2. I use a flexible hold hairspray on my hair to keep my style in place, without making it feel stiff or crunchy. Rather than spraying directly onto my hair, I spray it on a dedicated, unused soft-bristled toothbrush and brush it in that way to prevent buildup.
3. I only use non-pull hair ties and bobby pins to prevent breaking my hair.
4. I always brush each section again prior to styling. Styling hair that isn’t completely brushed out can lead to kinks, knots, and damage, not to mention it detracts from a smooth hairstyle.
5. After styling, I always go over my hair with a little bit of hairspray to tame flyaways. I spray it on a clean chopstick, pen, or makeup brush handle and then use this to smooth down my hairs, without gunking up my strands with excess spray.
1. I’ve heard that it’s best to get your hair trimmed every 4 to 6 weeks, but I’m pretty sure that’s just a ploy to make hairdressers more money (just kidding, mostly). I only cut my hair once or twice a year, and in the meantime, I trim my ends with hair scissors (extra sharp, NOT your average kitchen scissors. Using the wrong kind of scissors can make split ends worse). To do this, I twirl roughly 1-inch sections of hair around my fingers and trim the ends that stick up. This lets me keep my length while ditching splits!
*This may not be best for high maintenance styles or cuts*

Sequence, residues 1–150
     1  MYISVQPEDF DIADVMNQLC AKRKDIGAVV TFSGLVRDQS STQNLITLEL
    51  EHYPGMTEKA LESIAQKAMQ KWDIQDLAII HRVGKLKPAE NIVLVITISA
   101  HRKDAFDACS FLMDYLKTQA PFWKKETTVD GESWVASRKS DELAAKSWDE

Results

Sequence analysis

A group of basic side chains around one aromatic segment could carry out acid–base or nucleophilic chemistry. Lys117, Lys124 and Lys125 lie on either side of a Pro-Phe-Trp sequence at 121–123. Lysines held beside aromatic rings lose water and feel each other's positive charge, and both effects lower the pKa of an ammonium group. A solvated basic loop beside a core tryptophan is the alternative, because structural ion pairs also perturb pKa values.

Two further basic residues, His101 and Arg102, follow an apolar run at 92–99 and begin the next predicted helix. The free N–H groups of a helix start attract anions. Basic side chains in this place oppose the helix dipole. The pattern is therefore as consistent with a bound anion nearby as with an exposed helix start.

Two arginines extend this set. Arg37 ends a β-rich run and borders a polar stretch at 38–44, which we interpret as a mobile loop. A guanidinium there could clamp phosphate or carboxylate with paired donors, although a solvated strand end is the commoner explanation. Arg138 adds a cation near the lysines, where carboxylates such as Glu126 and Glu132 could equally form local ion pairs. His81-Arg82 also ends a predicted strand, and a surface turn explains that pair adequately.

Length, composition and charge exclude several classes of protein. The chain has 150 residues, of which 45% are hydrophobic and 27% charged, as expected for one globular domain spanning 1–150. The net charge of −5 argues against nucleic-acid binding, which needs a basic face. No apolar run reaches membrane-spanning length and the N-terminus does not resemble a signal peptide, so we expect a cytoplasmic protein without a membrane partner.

2. Dry shampoo can help extend the life of your hairstyle between washes. My favorite dry shampoo is this mermaid-themed one! I’ve never had luck with spray dry shampoos, they just ended up making my hair look greasier, but this one works like a charm because it’s a powder that absorbs oil! Plus, this smells incredible! If I notice my hair is looking a little oily at the roots, I just use a dry shampoo and comb it to absorb/distribute oil.
3. If my hair is looking a little dull, I spritz on some shine spray from about my ears down to liven things up again.
4. If you swim in chlorinated water, be sure to rinse your hair out so the chlorine doesn’t dry out your hair.
5. Spending time in the sun may fade color-treated hair, or cause hair color to lighten.
Hair Myths/Product Fails
1. As stated above, I don’t really think it’s necessary to get your hair cut so frequently, but if it works for you or you just downright enjoy it, by all means, have at it.
2. I’ve tried the straightener brushes and the little hairdryer that “curls hair while drying” (in some sort of cup thing, and they didn’t change anything except the amount of money in my wallet, and they didn’t work for me.
3. I’ve found that organic/natural shampoos work the best for my hair type. I do not have color-treated hair, so I don’t need as many chemical additives or color preservatives, so I don’t waste my $$$ on that.
4. Brushing your hair 100 strokes a night is actually bad for the health of your hair. I never brush my hair unless I need to, or I’m in the shower because all of the extra pulling and tugging can weaken or damage hair.
Check out my hair tutorial on how to get perfect mermaid curls.
Until next time!
x Annie Fairfax